Hummingbirds are native birds of the Americas and constitute the biological family Trochilidae. They are among the smallest birds, most species measure 7.5-13 cm (3 – 5 in.) long. In fact, the smallest species of bird in existence is a hummingbird, the 5 cm (2.0 in) Bee Hummingbird weighing less than 2.0 g (0, 7 oz).
They are known as hummingbirds due to the buzzing sound created by their wings beating that flap at high audible frequencies for humans. They float in the air at fast hitting speeds, ranging from approximately 12 beats per second in the larger species to more than 80 in some of the smaller ones. Of the species that were measured in wind tunnels, their maximum speed exceeds 15 m/s (54 km/h; 34 mph) and some species can be immersed at speeds above 22 m/s (79 km/h; 49 mph).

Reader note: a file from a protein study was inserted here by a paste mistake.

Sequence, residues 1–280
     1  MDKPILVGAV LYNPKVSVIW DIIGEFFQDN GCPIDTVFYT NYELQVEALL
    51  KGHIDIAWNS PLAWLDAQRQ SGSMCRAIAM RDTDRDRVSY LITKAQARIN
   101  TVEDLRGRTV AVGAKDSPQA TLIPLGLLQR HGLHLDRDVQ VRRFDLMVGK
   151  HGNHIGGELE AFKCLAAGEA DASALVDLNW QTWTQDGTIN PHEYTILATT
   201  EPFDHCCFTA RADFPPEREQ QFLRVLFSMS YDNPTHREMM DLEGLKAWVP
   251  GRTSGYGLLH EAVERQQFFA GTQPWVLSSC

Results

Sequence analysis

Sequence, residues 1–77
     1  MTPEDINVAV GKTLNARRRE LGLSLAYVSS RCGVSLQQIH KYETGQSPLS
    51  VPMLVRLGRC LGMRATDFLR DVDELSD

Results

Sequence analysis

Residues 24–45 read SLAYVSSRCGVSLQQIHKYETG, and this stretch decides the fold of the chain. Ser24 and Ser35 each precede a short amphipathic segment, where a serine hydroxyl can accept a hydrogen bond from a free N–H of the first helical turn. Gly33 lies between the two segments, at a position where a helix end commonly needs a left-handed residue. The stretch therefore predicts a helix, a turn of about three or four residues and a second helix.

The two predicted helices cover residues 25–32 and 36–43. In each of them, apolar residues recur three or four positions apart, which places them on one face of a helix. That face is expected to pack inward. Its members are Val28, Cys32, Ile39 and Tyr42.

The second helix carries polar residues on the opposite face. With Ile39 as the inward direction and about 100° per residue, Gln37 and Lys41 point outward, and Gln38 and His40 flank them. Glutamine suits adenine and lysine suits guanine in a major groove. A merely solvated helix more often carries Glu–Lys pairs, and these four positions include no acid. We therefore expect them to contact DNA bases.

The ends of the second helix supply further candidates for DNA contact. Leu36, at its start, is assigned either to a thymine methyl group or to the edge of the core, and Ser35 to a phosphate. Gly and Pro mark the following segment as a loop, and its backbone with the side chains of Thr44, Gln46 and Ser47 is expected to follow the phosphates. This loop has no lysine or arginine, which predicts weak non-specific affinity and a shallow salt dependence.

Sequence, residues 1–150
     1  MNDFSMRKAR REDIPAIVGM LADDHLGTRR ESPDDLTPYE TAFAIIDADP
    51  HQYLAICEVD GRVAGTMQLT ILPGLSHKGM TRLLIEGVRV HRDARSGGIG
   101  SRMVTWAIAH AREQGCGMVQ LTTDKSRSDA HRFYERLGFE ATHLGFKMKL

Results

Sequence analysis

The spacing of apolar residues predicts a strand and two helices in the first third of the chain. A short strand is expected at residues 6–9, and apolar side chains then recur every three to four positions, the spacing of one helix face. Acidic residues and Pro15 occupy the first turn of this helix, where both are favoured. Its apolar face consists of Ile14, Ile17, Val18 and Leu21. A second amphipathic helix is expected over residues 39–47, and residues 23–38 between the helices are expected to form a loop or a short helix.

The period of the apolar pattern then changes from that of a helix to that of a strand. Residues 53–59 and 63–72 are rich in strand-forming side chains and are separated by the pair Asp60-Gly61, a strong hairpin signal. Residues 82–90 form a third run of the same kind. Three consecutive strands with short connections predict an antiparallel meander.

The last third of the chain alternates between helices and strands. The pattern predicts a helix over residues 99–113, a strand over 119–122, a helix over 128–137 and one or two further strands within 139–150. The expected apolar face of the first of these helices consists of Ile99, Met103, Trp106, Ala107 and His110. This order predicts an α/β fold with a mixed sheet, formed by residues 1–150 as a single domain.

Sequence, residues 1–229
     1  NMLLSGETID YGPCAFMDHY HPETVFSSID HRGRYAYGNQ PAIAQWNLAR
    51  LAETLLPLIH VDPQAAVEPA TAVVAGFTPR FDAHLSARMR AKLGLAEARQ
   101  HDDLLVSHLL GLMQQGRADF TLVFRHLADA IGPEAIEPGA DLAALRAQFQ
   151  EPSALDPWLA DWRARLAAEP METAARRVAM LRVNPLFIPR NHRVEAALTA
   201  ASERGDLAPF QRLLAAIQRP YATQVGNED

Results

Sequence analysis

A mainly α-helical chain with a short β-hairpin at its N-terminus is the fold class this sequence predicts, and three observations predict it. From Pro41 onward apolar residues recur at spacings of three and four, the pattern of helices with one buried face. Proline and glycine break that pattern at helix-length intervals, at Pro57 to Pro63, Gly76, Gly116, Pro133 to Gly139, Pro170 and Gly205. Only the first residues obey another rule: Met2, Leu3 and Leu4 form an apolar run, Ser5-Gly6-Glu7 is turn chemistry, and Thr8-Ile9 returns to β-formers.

Hummingbirds have the highest metabolic rate of specific mass of any homeothermic animal. to conserve energy when food is scarce, and nights when not For Rajan, they can incorporate torpor, a state similar to hibernation, slowing the metabolic rate to 1/15 of their normal rate.